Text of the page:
Bradley 3 Ranch earns Certified Angus Beef Sustainability Award

Minnie Lou Bradley is not sure what surprised her more: there were roots, or that they were alive. Nothing above ground promised either.

“I didn’t know until later,” she recalls, “But no one had ever owned this piece of country for over 10 years without going broke.”

Sixty years later, grasses are nearly stirrup high, water is no farther than a half mile away from any direction and the Bradley 3 Ranch herd is doubled in size and expanded acreage several times over.

The changes are a result of investments over time, making the land better through cattle. Consistent progress and creative methods in developing their ranch earned the Memphis, Texas, cattle family the 2021 Certified Angus Beef Sustainability Award.

In the early 2000s, Minnie Lou’s daughter Mary Lou Bradley-Henderson and husband James Henderson sold their meatpacking company, B3R Meats, and returned to the ranch. They mapped out a 20-year plan, picking up work Minnie Lou started. The fruits of their labor are evident this year.

With an average annual 18 inches of rainfall, water is the elixir to life in these parts.

The plan: build more opportunities for water, gouge out the scourge of water-guzzling brush one by one, and bring back the grass while managing a quality-forward seedstock business.

Droughts are not an “if,” but a “when.” James and Mary Lou do their best to prepare for them, but the record drought of 2010 to 2014 changed everything.

They thought they had a drought contingency plan, says James, “But we didn’t have enough of anything—grass, hay, or money.”

They formed a new plan. First, they invested in stock tanks (West Texan for ponds).

It takes about 10 years to fill them. There are nine operational ponds now, and more on the way.

In 2019, Mary Lou and James began implementing Aqua balls on their water troughs. The black, palm-sized polyethylene spheres cover about 95% of the water surface area, preventing water evaporation, loss to wind, and surface algae growth.

“We’ve got 45 tubs on the ranch, all about 2,000 gallons each,” says James. “They’d typically be dry come springtime, and we’d lose another 4,000 gallons in the summer to evaporation. We’re saving several thousand dollars a year.”

Other touches include solar-powered wells with overflow ponds. Brush removal has brought back wildlife, now able to drink from springs that have emerged.

To Mary Lou and James, sustainability is as much about the efficiency and quality of the animal as it is about land and water.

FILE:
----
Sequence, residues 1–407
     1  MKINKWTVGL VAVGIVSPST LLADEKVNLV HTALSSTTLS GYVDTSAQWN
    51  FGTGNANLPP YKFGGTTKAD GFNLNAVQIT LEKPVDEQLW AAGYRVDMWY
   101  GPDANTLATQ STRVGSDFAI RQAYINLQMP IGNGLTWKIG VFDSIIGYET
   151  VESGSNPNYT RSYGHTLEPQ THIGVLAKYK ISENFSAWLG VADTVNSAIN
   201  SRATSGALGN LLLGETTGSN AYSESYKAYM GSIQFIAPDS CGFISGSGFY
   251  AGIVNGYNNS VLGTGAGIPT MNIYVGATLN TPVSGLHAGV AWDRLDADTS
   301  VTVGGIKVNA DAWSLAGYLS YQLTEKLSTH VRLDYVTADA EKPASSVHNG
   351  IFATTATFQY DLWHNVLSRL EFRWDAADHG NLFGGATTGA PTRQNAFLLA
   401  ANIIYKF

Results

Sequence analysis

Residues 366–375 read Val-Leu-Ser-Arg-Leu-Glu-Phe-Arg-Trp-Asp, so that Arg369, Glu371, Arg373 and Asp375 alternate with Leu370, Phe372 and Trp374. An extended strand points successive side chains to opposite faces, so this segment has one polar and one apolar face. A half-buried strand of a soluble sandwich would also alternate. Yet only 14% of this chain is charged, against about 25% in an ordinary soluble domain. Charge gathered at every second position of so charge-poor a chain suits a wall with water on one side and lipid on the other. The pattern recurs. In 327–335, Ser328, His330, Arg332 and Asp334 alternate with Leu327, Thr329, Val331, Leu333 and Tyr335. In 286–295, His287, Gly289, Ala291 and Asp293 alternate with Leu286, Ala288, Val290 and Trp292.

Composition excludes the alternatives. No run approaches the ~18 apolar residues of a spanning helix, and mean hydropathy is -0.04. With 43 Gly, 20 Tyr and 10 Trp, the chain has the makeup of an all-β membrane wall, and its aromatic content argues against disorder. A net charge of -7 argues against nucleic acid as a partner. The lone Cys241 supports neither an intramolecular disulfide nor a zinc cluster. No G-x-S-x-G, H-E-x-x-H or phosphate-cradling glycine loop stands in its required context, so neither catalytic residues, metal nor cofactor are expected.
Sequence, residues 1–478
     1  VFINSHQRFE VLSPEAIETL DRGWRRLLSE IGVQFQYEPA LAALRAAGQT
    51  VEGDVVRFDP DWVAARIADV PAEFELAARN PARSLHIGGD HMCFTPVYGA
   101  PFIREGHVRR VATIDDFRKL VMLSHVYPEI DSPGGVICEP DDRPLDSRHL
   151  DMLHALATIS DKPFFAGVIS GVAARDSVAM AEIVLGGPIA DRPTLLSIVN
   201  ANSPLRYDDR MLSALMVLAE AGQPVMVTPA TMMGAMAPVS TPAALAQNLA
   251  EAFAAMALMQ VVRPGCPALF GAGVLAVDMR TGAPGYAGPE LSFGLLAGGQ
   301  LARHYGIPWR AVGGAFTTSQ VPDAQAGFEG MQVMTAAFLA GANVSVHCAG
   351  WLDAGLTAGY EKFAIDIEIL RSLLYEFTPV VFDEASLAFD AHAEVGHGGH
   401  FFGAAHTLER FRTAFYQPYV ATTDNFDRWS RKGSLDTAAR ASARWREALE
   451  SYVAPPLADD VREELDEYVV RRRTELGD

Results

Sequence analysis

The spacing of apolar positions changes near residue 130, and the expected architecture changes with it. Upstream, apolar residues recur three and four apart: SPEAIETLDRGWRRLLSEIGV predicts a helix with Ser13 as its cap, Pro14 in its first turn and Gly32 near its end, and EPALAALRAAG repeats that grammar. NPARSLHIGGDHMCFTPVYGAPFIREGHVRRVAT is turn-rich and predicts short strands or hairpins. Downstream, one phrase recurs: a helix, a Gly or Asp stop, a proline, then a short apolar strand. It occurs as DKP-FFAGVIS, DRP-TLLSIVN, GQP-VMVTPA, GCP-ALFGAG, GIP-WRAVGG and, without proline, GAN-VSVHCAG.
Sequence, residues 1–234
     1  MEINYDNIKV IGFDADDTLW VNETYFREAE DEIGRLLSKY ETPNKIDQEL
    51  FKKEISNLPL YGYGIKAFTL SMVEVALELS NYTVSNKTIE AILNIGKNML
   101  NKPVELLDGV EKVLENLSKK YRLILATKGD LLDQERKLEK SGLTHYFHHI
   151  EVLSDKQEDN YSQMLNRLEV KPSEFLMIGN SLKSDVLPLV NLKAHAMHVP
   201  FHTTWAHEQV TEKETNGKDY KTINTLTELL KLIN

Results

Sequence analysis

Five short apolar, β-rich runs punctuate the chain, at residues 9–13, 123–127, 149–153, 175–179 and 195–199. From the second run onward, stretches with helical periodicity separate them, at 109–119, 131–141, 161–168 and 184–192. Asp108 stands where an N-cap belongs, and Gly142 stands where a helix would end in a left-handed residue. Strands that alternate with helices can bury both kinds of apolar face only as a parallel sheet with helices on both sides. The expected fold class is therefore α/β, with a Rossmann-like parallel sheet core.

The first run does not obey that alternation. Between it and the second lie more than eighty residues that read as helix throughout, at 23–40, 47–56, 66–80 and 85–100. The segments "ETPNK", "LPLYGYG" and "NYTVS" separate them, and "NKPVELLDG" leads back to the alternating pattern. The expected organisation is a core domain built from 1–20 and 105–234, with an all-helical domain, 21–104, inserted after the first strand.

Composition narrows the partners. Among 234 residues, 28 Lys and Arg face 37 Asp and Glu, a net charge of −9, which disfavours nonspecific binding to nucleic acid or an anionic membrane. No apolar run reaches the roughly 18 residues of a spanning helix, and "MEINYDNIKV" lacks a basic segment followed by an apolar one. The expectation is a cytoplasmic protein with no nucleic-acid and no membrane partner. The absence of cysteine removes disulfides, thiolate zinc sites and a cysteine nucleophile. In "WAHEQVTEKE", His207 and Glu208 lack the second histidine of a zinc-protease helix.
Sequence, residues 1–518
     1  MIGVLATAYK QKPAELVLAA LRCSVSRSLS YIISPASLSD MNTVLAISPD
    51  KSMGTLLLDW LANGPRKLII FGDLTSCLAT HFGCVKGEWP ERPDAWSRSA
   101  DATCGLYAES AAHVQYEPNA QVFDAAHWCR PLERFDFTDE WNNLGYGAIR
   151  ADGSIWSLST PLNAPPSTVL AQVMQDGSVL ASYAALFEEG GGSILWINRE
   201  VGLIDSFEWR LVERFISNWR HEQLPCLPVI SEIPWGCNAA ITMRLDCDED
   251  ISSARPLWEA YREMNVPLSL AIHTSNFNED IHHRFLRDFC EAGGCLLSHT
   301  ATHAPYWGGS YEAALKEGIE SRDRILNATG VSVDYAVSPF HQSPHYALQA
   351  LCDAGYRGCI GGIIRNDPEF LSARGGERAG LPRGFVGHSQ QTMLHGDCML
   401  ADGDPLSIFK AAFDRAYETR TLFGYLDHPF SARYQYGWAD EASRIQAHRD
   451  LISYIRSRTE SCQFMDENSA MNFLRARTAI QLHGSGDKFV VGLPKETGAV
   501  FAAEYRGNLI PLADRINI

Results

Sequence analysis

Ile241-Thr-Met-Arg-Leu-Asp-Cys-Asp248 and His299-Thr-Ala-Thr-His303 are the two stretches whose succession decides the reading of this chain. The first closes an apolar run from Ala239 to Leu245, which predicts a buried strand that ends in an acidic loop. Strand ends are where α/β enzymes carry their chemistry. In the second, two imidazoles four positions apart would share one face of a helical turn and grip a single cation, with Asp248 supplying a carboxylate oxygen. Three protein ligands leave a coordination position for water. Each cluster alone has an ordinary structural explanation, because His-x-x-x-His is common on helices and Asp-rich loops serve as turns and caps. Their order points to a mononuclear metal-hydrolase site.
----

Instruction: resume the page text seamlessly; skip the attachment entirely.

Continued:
They’ve built indexes around the performances of their cattle and focus on cows that can raise a calf, breed back, do it on minimal resources and maintain their flesh. With their background in meatpacking, Mary Lou and James always keep carcass quality top of mind.

“We’re trying to get a very highly productive cow,” she says. “One that will have calves that’ll work downstream for some of the CAB steaks later on.”

While the genetics and performance indexes are finely tuned in a detailed spreadsheet, grass management for nutrition is just as intentional.

Sign up for HPJ Insights

Our weekly newsletter delivers the latest news straight to your inbox including breaking news, our exclusive columns and much more.

“To maintain grasses in a fragile environment, you’ve got to be able to let them grow plenty of roots,” James says. “If we are grazing those grasses, then they regrow and refresh and redo. If you don’t, they become stale and basically worthless from a nutritional standpoint.”

This year their cows weaned 61.4% of their body weight and averaged a body condition of 6 to 6.5. A big deal in the Panhandle, says Mary Lou.

“For us, if you don’t have the bottom line, we’re not here,” says Mary Lou. “We’ve got to make it work. Truly, we are sustainable, or we’re not.”

Nothing is a one-year thought process, she says. Just like building a fence, Mary Lou asks herself whether their decisions will last the next 50 years.

For the generation before, the progress made is already worth the struggles.

“It’s taken 60 years to figure this all out, but we are about to get those grasses back that stirrup height,” Minnie Lou smiles. “It quite grabs my heart when I walk into those pastures and remember what they were and what they are today.”